Results of Philippines Humanitarian ID mission

The past three weeks have been amazing as we watched the Philippines Humanitarian ID pilot launch. The reception by partners, including the Resident Coordinator who checked in himself,  was astoundingly positive. We did not find one experienced responder who did not understand the challenge of managing or finding contacts during an emergency and how much help Humanitarian ID will be in their work.

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We now have 447 responders checked into the Philippines contact list.  As a comparison, the pre-HID humanitarian contact lists only had 421 responders.  You can find all of the previously OCHA-managed contact lists on Humanitarian ID. And, since this data is now stored in a database, you can search and filter as you need. If you are checked into the Philippines, you can access a wide range of (specific) contact lists including:

  1. Full contact list
  2. Humanitarian Country Team
  3. Humanitarian Coordinator
  4. Organization-specific (OCHA, WFP, UNICEF, ARMM-HEART, etc.)
  5. Group-specific (Accountability to Affected, Assessment, Camp Coordination  Management, Cash Working Group, Child Protection, Early Recovery and Livelihood, Education, Emergency Response Preparedness Group, Emergency Shelter, Emergency Telecoms, Food Security & Agriculture, Gender Based Violence, Health, Housing, Land & Property, Humanitarian Communications Group, ICT Network, IM Working Group, Inter-Cluster Coordination, Logistics, Nutrition, Protection, Reporting Network, Water Sanitation Hygiene, etc.)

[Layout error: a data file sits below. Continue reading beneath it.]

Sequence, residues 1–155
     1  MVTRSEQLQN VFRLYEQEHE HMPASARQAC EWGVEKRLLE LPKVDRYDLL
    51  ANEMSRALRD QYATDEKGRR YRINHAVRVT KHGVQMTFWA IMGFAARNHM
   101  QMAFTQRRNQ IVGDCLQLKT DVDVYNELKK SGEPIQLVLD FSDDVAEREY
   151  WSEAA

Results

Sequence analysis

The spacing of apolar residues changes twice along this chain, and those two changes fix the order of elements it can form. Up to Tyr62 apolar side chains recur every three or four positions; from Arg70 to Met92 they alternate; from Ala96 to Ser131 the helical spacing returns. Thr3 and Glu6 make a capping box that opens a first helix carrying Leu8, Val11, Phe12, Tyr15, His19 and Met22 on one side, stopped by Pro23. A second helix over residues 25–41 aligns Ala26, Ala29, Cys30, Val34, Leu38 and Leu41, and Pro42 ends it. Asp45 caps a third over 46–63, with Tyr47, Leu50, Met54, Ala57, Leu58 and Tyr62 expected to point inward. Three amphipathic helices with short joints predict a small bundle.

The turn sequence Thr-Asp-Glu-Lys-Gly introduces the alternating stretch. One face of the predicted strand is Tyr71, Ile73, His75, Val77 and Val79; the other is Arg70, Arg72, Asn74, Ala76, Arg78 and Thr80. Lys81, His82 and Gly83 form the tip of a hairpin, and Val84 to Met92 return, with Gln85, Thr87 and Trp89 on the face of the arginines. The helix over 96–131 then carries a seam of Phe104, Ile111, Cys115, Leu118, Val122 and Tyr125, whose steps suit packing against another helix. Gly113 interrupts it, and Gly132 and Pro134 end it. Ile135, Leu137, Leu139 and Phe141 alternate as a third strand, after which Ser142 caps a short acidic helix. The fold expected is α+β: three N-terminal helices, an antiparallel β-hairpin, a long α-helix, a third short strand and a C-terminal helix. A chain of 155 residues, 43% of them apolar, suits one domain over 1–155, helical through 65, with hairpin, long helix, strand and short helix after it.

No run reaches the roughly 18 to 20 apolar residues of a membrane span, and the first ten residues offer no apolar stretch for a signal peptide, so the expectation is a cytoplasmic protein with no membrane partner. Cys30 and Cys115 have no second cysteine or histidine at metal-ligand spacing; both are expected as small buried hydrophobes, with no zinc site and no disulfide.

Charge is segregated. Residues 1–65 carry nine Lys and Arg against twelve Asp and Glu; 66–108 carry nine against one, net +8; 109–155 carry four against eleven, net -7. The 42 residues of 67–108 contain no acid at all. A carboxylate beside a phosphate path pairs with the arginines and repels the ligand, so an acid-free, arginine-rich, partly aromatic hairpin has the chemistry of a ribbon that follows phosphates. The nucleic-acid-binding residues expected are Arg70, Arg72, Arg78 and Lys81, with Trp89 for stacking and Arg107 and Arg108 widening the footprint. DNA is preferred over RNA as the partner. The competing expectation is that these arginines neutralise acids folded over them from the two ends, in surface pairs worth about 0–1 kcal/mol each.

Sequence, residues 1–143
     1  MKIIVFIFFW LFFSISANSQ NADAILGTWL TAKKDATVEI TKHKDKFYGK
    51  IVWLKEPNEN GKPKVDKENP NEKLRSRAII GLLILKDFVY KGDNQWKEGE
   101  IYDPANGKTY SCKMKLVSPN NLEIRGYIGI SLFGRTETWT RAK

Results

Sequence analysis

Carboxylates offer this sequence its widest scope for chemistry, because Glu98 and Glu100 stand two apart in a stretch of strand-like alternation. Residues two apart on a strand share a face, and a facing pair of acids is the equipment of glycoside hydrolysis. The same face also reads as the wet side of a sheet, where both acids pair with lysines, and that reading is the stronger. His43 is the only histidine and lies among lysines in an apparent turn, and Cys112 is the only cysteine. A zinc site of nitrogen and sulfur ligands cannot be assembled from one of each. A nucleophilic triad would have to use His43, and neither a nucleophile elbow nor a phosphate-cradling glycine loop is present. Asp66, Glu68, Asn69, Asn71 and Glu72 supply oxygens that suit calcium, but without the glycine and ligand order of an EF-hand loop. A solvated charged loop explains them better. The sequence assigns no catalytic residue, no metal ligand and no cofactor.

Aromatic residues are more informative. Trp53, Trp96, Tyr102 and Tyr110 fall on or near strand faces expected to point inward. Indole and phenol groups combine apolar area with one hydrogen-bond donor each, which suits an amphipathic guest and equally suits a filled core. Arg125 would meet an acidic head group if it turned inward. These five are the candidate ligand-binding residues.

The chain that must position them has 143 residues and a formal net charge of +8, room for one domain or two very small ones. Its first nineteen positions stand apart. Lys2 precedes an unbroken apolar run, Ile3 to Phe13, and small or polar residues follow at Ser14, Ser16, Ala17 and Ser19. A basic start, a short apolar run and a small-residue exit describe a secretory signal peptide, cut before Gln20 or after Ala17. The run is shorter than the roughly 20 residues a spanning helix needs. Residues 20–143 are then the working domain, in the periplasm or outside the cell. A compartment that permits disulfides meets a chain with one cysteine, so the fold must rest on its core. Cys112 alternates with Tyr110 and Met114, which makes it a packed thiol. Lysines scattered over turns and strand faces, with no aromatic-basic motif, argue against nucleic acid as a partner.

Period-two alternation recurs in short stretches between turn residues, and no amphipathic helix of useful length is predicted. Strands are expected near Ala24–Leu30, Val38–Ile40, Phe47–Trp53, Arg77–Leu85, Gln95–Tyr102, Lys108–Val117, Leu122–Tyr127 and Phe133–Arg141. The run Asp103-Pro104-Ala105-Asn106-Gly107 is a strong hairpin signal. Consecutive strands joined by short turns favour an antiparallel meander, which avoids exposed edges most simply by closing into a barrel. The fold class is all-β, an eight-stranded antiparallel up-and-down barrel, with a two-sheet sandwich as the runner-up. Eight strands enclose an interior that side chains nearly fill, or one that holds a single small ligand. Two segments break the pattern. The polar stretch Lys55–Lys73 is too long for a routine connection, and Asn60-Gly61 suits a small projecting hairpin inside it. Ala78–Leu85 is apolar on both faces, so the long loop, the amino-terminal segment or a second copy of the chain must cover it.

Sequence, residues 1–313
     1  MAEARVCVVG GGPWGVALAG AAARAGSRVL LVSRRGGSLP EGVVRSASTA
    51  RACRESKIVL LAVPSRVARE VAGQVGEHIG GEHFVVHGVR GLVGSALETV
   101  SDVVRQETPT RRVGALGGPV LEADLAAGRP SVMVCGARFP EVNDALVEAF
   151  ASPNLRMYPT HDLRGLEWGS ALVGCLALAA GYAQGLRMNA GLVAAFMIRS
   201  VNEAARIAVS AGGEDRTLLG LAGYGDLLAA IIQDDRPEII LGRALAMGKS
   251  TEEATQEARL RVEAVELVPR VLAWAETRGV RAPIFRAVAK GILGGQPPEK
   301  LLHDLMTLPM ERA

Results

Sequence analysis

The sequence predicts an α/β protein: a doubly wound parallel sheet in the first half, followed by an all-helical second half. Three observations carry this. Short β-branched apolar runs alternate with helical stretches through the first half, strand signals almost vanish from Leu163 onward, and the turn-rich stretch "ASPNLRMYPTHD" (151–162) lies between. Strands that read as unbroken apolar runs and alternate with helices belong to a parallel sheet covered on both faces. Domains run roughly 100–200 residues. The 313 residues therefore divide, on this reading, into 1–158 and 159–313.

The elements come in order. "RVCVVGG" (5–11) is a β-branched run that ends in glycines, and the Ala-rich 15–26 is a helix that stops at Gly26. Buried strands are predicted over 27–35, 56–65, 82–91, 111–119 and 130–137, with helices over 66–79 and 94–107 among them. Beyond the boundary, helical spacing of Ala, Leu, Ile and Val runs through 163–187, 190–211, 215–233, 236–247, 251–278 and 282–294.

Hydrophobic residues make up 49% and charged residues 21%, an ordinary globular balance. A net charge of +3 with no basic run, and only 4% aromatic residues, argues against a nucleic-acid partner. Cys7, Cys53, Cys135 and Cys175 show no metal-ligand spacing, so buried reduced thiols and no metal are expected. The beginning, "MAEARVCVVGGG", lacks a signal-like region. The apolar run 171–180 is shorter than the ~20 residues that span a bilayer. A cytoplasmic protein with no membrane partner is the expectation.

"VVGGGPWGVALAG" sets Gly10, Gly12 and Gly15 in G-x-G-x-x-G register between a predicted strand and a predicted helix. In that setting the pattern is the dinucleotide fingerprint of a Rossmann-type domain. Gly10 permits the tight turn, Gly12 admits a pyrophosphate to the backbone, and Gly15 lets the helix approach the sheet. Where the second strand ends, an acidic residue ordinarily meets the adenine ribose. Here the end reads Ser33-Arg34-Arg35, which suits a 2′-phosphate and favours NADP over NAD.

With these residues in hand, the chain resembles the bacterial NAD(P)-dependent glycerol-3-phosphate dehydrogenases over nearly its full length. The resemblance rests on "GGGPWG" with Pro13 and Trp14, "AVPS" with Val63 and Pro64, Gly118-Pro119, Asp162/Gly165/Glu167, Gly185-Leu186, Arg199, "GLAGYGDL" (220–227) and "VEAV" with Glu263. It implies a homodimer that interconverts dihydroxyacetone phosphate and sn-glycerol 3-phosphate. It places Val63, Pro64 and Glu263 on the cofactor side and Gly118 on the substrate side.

6. Location-specific (NCR-Manila and Mindanao), and
  7. Role-specific (Cluster Coordinators, Donor, Admin Officers, Heads of Agencies, etc.)

During the two weeks in-country, we spent a lot of time with real users listening to their thoughts, feedback and wishes. The Philippines provided a collaborative and enabling environment for the HID team to really understand and conceptualize some of the priority features we want to add in the coming months. During our mission, we opened 81 “tickets” while the development team resolved 48 (31 pilot and 17 non-pilot related). The requests ranged from small textual changes to large conceptual ideas.   Overall, the most common requests, in order of priority, that we heard were:

  1. Offline abilities (i.e. native mobile app)
  2. Multiple emergencies per country
  3. Private crisis/security
  4. Organization-specific managers
  5. My lists / favorites
  6. Customized local lists
  7. Search across global and checked-in profiles
  8. Quick actions for managers

In our discussions, we also identified the requirement of a Code of Conduct for members of Humanitarian ID as well as a dedicated Frequently Asked Question section on our website. Both have been created and added to http://hidwp.docksal. We have already heard about our first official check-out. A UNHCR Philippines staff member, being deployed to Nigeria, successfully check-out of the Philippines and into Nigeria. It is quick actions like this one that will keep humanitarian contact lists up-to-date for everyone.

Onwards, The Humanitarian ID Team